“While all of us at Penn enjoy the benefits that come with our beautiful campus, we cannot support projects that require tests with jet fuel to be done on campus,” he wrote. 

The Engineering junior explained that the club understood these challenges and spent the summer finding an off-campus firm with facilities to test their engine. 

Penn Jet Propulsion made sure that the firm selected for testing would cover the club under its insurance, and put together a “really thorough testing plan of how we’re going to run the engine, how we’re going to start it up, shut it down, the kinds of tests that we want to do,” according to the student. 

Seiden said that the Piasecki Aircraft Corporation agreed to run the test at their facility near the Philadelphia airport. An agreement was drawn up allowing Penn Jet Propulsion to test for a nominal fee, which was then submitted to Engineering administrators. 

According to the Engineering sophomore, Penn Jet Propulsion asked for permission long in advance, understanding that Risk Management, Penn administrators, and Environmental Health and Radiation Safety Departments were involved in the approval process. 

He said that when administrators responded, they were told the proposal was not safe enough. 

“How are we going to get any safer?” he asked.

The Environmental Health and Radiation Safety Department did not respond to the DP’s requests for comment.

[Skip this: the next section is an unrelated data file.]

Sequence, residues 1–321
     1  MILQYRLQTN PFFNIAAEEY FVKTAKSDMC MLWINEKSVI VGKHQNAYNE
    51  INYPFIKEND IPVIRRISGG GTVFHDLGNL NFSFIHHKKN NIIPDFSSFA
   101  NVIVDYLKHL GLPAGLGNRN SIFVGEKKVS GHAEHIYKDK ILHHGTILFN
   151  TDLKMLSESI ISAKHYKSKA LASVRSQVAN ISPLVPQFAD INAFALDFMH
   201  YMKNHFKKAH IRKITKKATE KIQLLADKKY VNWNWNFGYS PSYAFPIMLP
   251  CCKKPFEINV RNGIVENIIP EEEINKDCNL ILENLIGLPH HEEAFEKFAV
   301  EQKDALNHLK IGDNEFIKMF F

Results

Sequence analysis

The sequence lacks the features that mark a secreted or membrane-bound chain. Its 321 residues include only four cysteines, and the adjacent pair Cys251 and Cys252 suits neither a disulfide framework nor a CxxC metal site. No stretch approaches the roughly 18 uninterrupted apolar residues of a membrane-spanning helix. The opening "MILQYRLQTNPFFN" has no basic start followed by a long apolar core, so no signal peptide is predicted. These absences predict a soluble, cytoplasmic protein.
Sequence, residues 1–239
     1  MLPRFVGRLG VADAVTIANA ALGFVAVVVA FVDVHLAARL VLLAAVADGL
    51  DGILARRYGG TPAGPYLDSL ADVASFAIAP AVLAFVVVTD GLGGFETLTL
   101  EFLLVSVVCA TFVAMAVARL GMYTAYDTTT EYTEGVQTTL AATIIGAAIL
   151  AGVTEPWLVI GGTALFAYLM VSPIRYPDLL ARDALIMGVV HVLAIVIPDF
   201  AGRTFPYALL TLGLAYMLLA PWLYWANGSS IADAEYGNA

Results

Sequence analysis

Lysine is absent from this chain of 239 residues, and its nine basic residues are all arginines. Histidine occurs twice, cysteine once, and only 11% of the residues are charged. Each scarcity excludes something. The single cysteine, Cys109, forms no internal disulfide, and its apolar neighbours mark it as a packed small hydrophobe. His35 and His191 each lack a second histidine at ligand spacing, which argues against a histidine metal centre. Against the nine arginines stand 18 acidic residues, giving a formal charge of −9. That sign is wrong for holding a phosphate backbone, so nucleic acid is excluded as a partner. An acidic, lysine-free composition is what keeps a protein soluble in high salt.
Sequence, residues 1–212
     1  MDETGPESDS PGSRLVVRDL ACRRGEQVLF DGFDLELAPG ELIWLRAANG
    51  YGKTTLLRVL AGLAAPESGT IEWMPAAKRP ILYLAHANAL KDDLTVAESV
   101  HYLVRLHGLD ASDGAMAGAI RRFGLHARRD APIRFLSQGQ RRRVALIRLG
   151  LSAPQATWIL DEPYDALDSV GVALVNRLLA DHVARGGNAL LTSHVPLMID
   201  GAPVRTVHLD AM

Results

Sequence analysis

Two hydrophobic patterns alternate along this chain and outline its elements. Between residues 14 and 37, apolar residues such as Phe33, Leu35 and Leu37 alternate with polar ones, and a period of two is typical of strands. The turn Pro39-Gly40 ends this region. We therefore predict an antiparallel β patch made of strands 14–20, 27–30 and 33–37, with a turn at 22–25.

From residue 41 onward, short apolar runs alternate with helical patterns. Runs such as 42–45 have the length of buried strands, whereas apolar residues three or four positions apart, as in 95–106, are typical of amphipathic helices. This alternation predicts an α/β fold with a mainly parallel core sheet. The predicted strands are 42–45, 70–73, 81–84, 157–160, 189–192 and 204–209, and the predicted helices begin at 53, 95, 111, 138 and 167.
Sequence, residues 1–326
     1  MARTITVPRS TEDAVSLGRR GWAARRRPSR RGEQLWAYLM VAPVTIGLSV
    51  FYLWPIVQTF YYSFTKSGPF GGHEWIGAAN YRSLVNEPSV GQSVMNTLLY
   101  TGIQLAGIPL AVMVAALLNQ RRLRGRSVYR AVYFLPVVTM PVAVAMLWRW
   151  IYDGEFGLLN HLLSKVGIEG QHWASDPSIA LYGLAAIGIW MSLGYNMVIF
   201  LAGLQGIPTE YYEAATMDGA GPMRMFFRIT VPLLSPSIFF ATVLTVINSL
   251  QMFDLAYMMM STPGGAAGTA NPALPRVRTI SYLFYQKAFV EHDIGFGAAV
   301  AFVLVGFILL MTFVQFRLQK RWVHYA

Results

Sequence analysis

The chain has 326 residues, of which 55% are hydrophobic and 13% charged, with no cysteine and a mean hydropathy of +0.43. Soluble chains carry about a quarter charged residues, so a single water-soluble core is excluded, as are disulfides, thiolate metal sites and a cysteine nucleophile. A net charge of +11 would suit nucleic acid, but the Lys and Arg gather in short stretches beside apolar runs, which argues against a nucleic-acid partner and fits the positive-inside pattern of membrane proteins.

Administrators’ unwillingness to work with Penn Jet Propulsion might have something to do with the club’s previous leadership, according to Seiden. He said that in the past, “they were more of the mindset of doing things first and asking for forgiveness later.” 

All five students who spoke with the DP emphasized the importance of build clubs — both to their Penn experience and professional futures. 

Chen said experience in build clubs is important for securing internships, adding that build projects are frequently asked about in interviews.

The Engineering junior said that proper support is essential to keeping members passionate, adding that “people get really excited about PER; and [students] want to do the same thing with PAC and PJP.”

“We want to get to the same level as them, but we’re just not being supported in the same way,” she said. The fear is that if unable to build and test their engines, “The passion for the club might fizzle out,” the Engineering junior said.